So when I read something that continuously has characters directly stating things (without anyone doubting the precise meaning, or without clarification, repetition, misunderstanding), it reads wrong. Because I know that in life, which almost every bit of literature tries to emulate (otherwise, what's the point of having people talk in your work - unless you do not care about characterization), it is not the case.

Listen to how people speak. You'll notice some of the following - some of which can be used in writing, as the realists do:

Sometimes, they do not complete sentences. Because sometimes-

-people interrupt each other.

Everyone involved in a discussion has an agenda (haven't you experienced trying to shift the conversation back to what you want to talk about?).

Exposition is rare (which is why, as a literary tool, exposition must be used with great skill and sensitivity - believe me, nothing threatens to bore a reader more than this).

People tell anecdotes. Because, whether they believe it or not, we are all storytellers to a degree.

People reference a lot ("did you see that movie where the...?", "so anyway, Vin told me that Andrew said that he...", "I read this article that said..."). Very rarely does anyone simply state a (questionable) fact and get away without even a little explanation or justification.

Conversations are fluid. That makes them interesting (and quite challenging to create from whole cloth).

Some people just listen. Others need to participate verbally in conversation. In other words, not everyone has something to say or contribute - but this in no way excludes them as participants.

Some topics have the half-life of a split second (someone brings up a topic, none or few respond, then the conversation moves on without a batting an eyelash).

These last three are linked: People repeat themselves ("I told him, I said to him...").

People question each other ("really?" or "talaga?" or "who said that?"

Some people parrot the last question (D: "Okay, what's your favorite color?" V: "My favorite color?" D:"Yeah, what's your favorite color?"

Of course, there are lots more to observe and add to your arsenal as an author (this list is by no means exhaustive or even necessary - it depends on your writerly goals, style, voice). With fiction, you can get away without dialogue. But when you write that particular story where people talk to each - and you will eventually write that story - you need to keep the notion of what makes dialogue work in mind. Remember that everything you create is immediately artificial by virtue of the act of contrivance. The last thing you want is to detract further from your reader's suspension of disbelief.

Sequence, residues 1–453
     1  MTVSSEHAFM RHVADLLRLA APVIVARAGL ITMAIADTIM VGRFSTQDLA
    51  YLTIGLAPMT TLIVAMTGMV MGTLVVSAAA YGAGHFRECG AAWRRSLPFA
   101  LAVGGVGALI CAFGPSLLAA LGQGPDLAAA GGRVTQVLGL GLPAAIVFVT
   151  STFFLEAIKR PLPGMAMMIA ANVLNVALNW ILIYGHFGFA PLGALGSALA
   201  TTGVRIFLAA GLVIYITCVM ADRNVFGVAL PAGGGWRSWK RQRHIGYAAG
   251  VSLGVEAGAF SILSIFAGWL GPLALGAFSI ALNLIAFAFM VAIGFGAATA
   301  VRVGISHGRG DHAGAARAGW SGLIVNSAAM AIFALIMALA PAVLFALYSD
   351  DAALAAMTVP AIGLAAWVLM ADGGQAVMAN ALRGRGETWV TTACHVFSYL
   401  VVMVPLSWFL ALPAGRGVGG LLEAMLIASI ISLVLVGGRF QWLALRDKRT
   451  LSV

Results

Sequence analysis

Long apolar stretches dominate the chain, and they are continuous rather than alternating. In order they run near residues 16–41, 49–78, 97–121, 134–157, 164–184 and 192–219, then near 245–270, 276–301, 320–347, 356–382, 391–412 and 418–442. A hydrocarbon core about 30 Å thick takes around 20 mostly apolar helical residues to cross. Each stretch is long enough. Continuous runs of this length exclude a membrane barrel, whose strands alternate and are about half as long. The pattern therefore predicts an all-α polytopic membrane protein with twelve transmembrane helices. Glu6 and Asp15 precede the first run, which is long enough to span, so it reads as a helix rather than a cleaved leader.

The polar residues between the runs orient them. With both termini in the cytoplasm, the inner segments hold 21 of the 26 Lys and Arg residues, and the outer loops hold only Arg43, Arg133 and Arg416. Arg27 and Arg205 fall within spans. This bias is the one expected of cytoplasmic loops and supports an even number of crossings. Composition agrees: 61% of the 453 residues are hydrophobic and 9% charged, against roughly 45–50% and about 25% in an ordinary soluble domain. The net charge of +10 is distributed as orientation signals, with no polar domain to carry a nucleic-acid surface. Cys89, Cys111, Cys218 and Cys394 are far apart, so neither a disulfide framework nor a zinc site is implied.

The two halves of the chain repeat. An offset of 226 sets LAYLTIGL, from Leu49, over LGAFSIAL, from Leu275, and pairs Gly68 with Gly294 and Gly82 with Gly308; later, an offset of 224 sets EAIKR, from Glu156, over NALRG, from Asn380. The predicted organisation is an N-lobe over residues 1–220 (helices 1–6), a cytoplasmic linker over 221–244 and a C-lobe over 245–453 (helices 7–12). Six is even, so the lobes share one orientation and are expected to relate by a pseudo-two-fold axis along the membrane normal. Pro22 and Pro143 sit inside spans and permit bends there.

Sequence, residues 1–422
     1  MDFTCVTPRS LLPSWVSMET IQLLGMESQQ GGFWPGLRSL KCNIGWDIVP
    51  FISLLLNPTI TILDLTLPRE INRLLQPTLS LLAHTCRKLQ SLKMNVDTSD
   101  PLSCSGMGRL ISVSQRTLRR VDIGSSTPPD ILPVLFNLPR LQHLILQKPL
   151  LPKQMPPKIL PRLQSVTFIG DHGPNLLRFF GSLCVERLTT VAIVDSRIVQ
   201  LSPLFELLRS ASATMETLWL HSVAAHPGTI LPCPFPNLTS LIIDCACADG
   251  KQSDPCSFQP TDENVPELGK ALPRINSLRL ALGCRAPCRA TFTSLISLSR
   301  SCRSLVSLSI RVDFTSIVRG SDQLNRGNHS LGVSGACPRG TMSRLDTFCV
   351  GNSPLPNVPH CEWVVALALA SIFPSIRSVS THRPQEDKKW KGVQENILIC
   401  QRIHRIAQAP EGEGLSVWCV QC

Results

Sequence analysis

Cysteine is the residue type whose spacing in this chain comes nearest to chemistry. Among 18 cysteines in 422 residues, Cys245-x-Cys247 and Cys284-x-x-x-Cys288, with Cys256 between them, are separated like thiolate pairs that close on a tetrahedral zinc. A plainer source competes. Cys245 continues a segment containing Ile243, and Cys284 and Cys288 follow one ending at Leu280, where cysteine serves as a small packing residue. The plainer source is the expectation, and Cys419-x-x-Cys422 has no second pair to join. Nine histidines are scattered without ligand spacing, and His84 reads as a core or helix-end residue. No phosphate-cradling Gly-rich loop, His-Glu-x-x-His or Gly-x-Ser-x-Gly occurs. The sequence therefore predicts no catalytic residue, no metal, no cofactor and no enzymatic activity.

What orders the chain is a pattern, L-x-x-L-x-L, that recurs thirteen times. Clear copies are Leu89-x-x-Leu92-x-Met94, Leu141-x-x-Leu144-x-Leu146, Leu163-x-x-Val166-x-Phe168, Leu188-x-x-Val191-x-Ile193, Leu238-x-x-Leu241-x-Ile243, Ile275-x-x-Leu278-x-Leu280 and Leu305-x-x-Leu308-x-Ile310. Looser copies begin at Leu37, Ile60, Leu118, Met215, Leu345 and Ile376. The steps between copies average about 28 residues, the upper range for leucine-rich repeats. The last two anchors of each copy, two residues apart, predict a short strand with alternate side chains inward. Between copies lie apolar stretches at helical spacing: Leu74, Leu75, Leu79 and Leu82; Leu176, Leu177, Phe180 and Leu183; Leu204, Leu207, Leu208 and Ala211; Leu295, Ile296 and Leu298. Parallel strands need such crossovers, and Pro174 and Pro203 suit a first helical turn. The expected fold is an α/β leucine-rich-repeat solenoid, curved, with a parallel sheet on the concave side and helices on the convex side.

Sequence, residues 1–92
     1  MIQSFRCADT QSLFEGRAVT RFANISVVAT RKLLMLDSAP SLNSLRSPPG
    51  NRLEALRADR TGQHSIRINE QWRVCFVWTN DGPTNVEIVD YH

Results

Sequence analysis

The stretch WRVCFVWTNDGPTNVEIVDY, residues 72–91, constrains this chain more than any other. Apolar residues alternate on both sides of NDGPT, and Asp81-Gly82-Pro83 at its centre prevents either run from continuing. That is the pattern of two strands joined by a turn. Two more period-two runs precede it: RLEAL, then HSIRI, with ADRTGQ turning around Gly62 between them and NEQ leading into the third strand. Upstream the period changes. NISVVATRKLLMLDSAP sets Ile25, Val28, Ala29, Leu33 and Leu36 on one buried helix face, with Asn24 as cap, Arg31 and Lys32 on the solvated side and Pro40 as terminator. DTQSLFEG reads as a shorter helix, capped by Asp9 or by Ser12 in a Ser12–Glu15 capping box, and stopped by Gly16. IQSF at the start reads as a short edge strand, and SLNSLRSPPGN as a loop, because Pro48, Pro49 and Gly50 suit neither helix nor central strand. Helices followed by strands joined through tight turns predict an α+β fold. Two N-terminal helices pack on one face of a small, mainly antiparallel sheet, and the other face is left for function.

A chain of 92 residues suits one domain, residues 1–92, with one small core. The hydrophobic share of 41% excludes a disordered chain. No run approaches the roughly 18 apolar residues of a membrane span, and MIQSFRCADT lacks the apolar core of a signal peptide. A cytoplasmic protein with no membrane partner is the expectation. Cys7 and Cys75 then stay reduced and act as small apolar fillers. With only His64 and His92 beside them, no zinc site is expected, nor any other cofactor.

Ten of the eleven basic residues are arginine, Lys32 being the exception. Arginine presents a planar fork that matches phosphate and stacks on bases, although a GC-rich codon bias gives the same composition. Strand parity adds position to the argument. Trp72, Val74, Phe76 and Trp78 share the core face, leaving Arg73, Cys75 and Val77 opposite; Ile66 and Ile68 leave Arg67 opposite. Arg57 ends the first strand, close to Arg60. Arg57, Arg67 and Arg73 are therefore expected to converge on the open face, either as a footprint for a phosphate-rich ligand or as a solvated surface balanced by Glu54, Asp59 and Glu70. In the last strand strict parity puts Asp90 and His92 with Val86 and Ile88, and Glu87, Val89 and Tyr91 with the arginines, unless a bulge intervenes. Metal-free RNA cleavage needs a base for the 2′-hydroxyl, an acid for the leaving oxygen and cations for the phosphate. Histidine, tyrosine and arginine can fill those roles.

Tuesday, January 23, 2007

vignette: zombie

It was Charlie, in a fit of inhuman brilliance, that christened the strange new girl “yucky Zombie”.

It was something only someone like him could come up with – Charlie was like that - though all the kids we knew, ourselves included, had nicknames like that. The girl was new because she and her mom had just moved into the old house that used to belong to the de Vera’s; it had been abandoned for years and Charlie and I had decided it was because it was haunted.

The girl was strange because she looked strange. Her left eye bigger than the other, her hair was usually tangled and mussed up, and she had an odd way of walking. She didn’t walk, she shambled. All these were evidence enough for Charlie that she was one of the undead.


Monday, January 22, 2007


This Week

Scherzo with Tyrannosaur by Michael Swanwick
Green Magic by Jack Vance
New Year's Eve by Kenneth Yu
The Floating Otherworld by Thomas Doyle

Last week:

Long Ago by Kristien Hemmerechts
Greedy Choke Puppy by Nalo Hopkinson
The Apples of Youth by Masha Gedilaghine Holl
Reports of Certain Events in London by China Mieville

Next Week:

Kara's Place by Luis Katigbak
Stella for Star by Yvette Tan
Sink or Swin by Myza Sison
Stories by Cesar Aquino

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birthday boi

Happy happy birthday to my best bud, Vin!

Here's to another fiery year of fun and fiction!


Sunday, January 21, 2007

a la carte book launch

Here's the invitation from Anvil for the launch of A la Carte. Ian and I have stories there (mine is "Sabados con Fray Villalobos", set in magical Hinirang).

Anvil Publishing, Inc. requests the pleasure of your company at the launch of
A la Carte, edited by Cecilia Manguerra Brainard & Marily Ysip Orosa
with contributions from Dean Francis Alfar, Cecilia Manguerra Brainard, Erwin Cabucos, Ian Rosales Casocot, Shirlie Mae Mamaril Choe, Carlos Cortés, Erma M. Cuizon, Jose Dalisay Jr., Susan Evangelista, Ma. Romina Gonzalez, Margarita Marfori, Reine Arcache Melvin, Veronica Montes, Corinna Arcellana Nuqui, Marily Ysip Orosa, Oscar Peñaranda, Edgar Poma, Brian Ascalon Roley, Nadine Sarreal, Joël Barraquiel Tan, Linda Ty-Casper, Janet B. Villa, Marie Aubrey Villaceran, Edna Weisser and Alfred Yuson